By the time the summer came, we could hardly contain our excitement. We had saved enough money to purchase gym memberships from Memorial Day through Labor Day, a bottle of Lemon Lime Phosphagen HP and Chocolate Designer Whey Protein, which were the popular creatine and protein supplements at the time. We also had a little bit of extra money to purchase a training book from Iron Man Magazine. They sold lots of books from their catalog in the back of the magazine, including Bill Starr’s The Strongest Shall Survive, but we decided on a book called “10 Week Size Surge.”

The book promised to add slabs of muscle to anyone who used it, and even featured before and after pictures of some guy named Casey Viator as an example of how well the program in the book could potentially work. It wasn’t until years later that I learned the origins of the rather famous Casey Viator before and after pictures that stemmed from his participation in the “Colorado Experiment.” At the time, everything seemed perfect. Armed with our gym memberships, muscle building supplements, and our new training program, there was nothing stopping us from building mounds of muscle this time around!

We spent that summer religiously riding our bikes to the gym, training, and downing our disgusting, gritty creatine and whey protein concoction that we would mix up and take with us. While we did actually attempt to squat and deadlift, a lot of the program we followed used isolation exercises like the chest fly and concentration curls. Much to our dismay, not much changed from the previous summer. While we got a little bit bigger and stronger, it was not anywhere near what we had hoped for. We were dejected, but undeterred.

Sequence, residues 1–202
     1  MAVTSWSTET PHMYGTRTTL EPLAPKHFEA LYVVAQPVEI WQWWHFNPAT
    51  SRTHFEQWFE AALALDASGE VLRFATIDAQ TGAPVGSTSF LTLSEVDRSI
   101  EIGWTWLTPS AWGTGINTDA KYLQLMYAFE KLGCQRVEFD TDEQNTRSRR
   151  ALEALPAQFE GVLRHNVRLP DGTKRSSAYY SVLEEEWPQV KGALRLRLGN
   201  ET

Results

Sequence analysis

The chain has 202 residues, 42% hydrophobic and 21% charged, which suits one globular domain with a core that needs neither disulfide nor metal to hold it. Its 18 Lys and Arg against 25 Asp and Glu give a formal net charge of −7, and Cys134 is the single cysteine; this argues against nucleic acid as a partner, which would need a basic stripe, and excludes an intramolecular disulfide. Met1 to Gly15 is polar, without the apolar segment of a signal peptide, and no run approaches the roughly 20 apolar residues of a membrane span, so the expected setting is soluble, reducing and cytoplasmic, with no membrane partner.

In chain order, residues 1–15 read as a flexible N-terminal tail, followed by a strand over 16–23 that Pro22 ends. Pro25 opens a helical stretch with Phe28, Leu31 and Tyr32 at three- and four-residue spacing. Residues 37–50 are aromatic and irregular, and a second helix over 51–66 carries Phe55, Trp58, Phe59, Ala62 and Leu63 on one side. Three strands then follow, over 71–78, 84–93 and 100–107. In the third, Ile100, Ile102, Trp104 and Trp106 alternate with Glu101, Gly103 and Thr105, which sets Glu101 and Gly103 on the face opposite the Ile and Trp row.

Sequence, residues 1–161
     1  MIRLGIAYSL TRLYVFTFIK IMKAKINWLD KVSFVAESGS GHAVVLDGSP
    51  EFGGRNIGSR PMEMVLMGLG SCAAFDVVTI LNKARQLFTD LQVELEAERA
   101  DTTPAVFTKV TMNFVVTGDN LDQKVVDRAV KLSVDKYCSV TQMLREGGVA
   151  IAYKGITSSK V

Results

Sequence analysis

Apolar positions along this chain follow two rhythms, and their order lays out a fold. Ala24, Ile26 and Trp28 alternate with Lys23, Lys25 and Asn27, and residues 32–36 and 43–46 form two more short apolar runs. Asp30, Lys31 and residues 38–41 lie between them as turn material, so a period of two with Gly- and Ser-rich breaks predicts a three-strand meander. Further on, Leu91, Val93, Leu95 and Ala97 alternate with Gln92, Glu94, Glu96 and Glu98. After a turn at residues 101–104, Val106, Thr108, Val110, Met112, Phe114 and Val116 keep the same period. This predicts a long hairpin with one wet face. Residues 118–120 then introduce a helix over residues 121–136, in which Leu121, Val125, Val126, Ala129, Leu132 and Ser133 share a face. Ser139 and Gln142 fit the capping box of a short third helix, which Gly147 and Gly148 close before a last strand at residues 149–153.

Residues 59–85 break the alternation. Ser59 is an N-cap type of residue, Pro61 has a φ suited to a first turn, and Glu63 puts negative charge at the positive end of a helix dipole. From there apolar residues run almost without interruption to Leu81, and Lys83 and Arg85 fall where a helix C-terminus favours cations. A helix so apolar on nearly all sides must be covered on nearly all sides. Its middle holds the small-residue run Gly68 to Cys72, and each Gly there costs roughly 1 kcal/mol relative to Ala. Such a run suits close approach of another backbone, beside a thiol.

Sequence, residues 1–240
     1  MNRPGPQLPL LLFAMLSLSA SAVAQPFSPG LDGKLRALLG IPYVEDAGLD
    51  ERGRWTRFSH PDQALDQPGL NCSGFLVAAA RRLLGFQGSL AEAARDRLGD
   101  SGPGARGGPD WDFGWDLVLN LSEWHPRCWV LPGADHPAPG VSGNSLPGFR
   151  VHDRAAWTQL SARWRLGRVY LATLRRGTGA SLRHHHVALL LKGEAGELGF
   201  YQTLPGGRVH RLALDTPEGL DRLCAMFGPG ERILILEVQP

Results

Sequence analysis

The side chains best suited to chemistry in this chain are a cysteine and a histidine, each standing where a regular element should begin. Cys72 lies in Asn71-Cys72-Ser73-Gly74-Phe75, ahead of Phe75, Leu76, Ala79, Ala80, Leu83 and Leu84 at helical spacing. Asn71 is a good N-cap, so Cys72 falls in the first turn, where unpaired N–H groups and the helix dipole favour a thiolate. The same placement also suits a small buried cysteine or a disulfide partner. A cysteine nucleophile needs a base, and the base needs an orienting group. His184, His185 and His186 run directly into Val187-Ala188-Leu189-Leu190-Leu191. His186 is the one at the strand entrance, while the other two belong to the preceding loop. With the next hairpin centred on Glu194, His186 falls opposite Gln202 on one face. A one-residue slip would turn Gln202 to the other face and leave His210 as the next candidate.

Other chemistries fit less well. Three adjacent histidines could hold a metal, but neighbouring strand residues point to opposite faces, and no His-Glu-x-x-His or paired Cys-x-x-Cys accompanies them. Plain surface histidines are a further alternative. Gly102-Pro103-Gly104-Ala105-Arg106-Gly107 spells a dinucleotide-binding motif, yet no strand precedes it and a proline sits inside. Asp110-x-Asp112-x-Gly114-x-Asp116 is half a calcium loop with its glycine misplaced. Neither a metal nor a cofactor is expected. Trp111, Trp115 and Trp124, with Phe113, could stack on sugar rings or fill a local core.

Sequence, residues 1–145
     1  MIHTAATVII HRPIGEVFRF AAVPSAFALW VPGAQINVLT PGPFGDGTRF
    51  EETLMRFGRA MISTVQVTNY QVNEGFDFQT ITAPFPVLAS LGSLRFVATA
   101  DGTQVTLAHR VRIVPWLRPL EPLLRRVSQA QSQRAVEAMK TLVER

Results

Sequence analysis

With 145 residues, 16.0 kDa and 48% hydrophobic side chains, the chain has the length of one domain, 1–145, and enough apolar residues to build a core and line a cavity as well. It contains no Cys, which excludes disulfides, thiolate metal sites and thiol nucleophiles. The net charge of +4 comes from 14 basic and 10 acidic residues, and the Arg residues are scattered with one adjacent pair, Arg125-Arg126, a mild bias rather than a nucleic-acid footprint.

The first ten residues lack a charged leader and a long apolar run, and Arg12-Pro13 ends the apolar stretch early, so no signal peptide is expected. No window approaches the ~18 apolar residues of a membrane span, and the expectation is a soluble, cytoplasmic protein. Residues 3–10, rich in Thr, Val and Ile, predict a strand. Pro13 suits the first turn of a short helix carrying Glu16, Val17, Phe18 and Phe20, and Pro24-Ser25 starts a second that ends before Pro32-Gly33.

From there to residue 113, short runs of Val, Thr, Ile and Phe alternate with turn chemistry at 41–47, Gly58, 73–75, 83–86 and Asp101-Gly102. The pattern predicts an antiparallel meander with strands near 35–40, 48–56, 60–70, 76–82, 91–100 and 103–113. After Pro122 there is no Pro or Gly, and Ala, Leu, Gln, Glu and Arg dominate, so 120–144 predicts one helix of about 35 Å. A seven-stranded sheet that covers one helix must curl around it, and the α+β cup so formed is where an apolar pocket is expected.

Throughout my sophomore year, I continued to lift weights, but primarily in my bedroom. The previous Christmas, my parents got me my own adjustable weight bench and standard 110-pound barbell set. A few nights per week, after I would get home from my sports practices and had dinner (I played football, basketball, and lacrosse for my high school), I would go up to my bedroom and lift. I couldn’t really squat, but I did bench press, press, deadlift, and, of course, did my curls. I also started to pay more attention to my nutrition and forgot about using any supplements.

Over the course of the year, I was able to gain a little bit of weight and get strong enough that I needed to buy some additional plates for my weight set. I also almost killed myself several times by bench pressing alone in my room without a spotter and with the collars on the bar (don’t do that). Several times I rolled the bar down my torso after getting pinned (don’t do that). On one particularly bad occasion, my mother heard me struggling and rushed into my room and lifted the bar off of my chest. I didn’t know what was more upsetting, the fact that I missed the rep or that my mother was able to easily lift a weight off of my chest that I could not.